Volunteers help neediest local families when it counts
A group of angels were hard at work at Anoka Covenant Church last week.
Monday and Tuesday were big days for the Family-to-Family Network, a group that has been helping families during the holidays for 25 years.
They were coordinating the drop off and pick up of gifts for families in need.
This Christmas, 140 families, all with children in the Anoka-Hennepin School District, will have presents under the tree from people they will never meet.
These families are sponsored by generous local businesses, community groups, faith based organizations and individuals.
This includes all of the high schools in the district, the Adventures Plus programs and are Girl Scout and Cub Scout packs.
“The thing I have learned is that there is very little difference between those who doing the giving and those who are receiving. It’s a very fine line,” said Deon LaBathe, Family to Family volunteer and Early Childhood Family Education home visiting lead with the school district.
Some of those sponsors are former recipients themselves who are now in a position to give back.
A committee of seven solicits sponsors from all areas of the community to fill a long list of needs for the families, some as basic as laundry detergent, toothbrushes and toilet bowl cleaner.
While Family-to-Family is organized by staff of the school district, their work is done as volunteers on their own time.
The program started more than two decades ago by supporting a small group of six teen parents. It has now grown to support all sorts of families in need, which are referred by school district staff.
“Being in a person’s home and see what goes on there, you really see first hand what their front line needs are,” said LaBathe.
Staff who do home visits sometimes sit on the floor because there is no furniture or notice that dad rides his bike to work in the winter because he has no other way to get to McDonald’s.
One night in November the committee gets together and matches the sponsors with the families.
This was a particularly tough year. On the matching night they were short 26 sponsors for the 86 families identified. Between November and now, the total number of families being served grew to 140.
“We are serving the neediest of the needy families in our area,” said committee member Lori Schuetzle, who works as an ECFE special education teacher and is a member of the Anoka Covenant Church.
“You can see it by the things they are asking for – warm clothes, pajamas, socks.”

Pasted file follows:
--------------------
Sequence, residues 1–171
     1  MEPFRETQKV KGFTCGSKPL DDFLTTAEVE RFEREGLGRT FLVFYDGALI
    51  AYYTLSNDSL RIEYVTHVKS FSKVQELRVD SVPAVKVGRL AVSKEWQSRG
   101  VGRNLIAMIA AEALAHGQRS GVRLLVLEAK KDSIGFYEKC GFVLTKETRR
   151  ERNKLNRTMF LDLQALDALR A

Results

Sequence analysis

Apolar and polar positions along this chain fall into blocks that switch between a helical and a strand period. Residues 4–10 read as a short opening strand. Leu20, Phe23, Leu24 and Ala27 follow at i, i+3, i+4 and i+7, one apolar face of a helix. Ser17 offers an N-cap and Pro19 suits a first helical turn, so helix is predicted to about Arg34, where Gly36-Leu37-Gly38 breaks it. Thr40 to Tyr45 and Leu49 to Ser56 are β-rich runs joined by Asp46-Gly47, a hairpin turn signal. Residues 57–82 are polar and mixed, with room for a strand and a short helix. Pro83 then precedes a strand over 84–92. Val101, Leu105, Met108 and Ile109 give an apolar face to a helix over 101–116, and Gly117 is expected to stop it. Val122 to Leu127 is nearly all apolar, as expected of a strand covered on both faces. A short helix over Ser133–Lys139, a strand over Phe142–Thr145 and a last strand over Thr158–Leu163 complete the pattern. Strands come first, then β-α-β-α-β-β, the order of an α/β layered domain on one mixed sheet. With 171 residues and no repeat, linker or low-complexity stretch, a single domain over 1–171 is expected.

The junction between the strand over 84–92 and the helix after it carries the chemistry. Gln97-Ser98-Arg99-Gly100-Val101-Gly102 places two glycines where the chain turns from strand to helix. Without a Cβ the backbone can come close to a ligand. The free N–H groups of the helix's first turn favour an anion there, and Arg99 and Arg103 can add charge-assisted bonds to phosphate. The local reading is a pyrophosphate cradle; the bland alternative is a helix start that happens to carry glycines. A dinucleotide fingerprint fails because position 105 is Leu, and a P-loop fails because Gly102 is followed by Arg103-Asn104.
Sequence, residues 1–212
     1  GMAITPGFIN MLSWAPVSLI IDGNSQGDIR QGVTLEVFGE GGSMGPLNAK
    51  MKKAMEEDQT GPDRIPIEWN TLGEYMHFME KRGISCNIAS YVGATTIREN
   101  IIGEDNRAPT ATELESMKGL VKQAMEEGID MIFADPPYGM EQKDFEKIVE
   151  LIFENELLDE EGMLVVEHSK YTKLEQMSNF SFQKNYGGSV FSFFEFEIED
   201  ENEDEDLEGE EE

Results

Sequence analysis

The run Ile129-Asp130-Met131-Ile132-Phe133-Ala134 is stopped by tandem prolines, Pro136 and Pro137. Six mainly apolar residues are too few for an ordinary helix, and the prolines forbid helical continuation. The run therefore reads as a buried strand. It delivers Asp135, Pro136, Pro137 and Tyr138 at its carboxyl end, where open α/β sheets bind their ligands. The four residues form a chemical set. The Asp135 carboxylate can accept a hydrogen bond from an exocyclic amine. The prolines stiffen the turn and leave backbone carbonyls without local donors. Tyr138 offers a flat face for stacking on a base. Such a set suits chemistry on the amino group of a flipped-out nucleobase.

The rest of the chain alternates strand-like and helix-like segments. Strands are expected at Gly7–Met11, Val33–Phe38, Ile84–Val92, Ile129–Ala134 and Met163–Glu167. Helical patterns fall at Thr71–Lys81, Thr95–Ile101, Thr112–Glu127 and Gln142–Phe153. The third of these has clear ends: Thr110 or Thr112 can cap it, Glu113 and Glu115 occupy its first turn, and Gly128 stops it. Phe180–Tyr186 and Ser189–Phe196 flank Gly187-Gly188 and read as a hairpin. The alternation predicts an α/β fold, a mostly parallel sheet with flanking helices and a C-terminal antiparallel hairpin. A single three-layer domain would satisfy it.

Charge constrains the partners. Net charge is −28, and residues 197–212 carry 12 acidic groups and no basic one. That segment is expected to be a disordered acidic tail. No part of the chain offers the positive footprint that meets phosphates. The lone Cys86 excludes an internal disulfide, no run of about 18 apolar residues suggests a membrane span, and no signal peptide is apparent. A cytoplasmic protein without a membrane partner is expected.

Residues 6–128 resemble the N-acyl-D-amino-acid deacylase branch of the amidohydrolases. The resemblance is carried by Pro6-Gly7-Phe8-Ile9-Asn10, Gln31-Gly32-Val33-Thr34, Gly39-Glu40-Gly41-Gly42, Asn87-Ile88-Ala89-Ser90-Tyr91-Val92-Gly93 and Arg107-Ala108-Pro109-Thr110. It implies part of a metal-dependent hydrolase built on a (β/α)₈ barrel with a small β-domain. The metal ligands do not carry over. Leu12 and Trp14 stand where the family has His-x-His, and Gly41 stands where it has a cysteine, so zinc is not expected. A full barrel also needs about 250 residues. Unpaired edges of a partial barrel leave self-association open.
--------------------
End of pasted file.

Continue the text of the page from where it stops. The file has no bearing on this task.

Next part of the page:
The group tries to provide for the families in a way that sustains them, by giving more than toys and lots of household items.
That includes cleaning supplies, gift cards for groceries, appliances, bed linens and clothes.
“We’re trying to provide for more than just Dec. 25,” said LaBathe. “We want to be able to carry them through to February or March.”
Largely operating under the radar, Family-to-Family is finding it increasingly difficult to secure enough sponsors.
“We just make it work,” said LaBathe of their annual efforts.
There is a Santa’s Workshop in the back where volunteers coordinate to fill the needs of those unsponsored families.
“We have friends who shop year-round for us, so we can help the families who didn’t get sponsors,” said LaBathe.
And the requests were coming in right up until the last minute, like one immigrant family who found that grandma was going to be joining them before Christmas and she doesn’t have any warm winter clothes.
The group used to try to provide beds for those who needed them, but transport was difficult and the costs are high.
“Beds are gold for a lot of these families,” said Schuetzle.
Now they recommend sponsors could fill that void with a portable airbed.
Family-to-Family does not give electronics – no gaming systems, iPads or smartphones.
“Some of the people who are sponsors don’t even have those things,” said LaBathe.
For more than 15 years Anoka Covenant Church has let Family to Family base its operations out of the Grant Street church and provides meals and snacks for the committee members and 20 community volunteers who spend two 12-hour days collecting and then distributing the gifts.
Organizers estimate it costs at least $250 to sponsor a family of four and recommend buying one or two gifts for each person. But many of the sponsors are extra generous.
Lists of needs are provided by the family, with shopping ideas and sizes. Sponsors are provided general information but no names about the family they will support.
And if an individual or an organization can’t afford to sponsor an entire family, organizers will split up the lists to make sure everyone gets taken care of, said LaBathe.
“We know there are a lot of families and needs out there,” she said. “We’re all just doing our best to give.”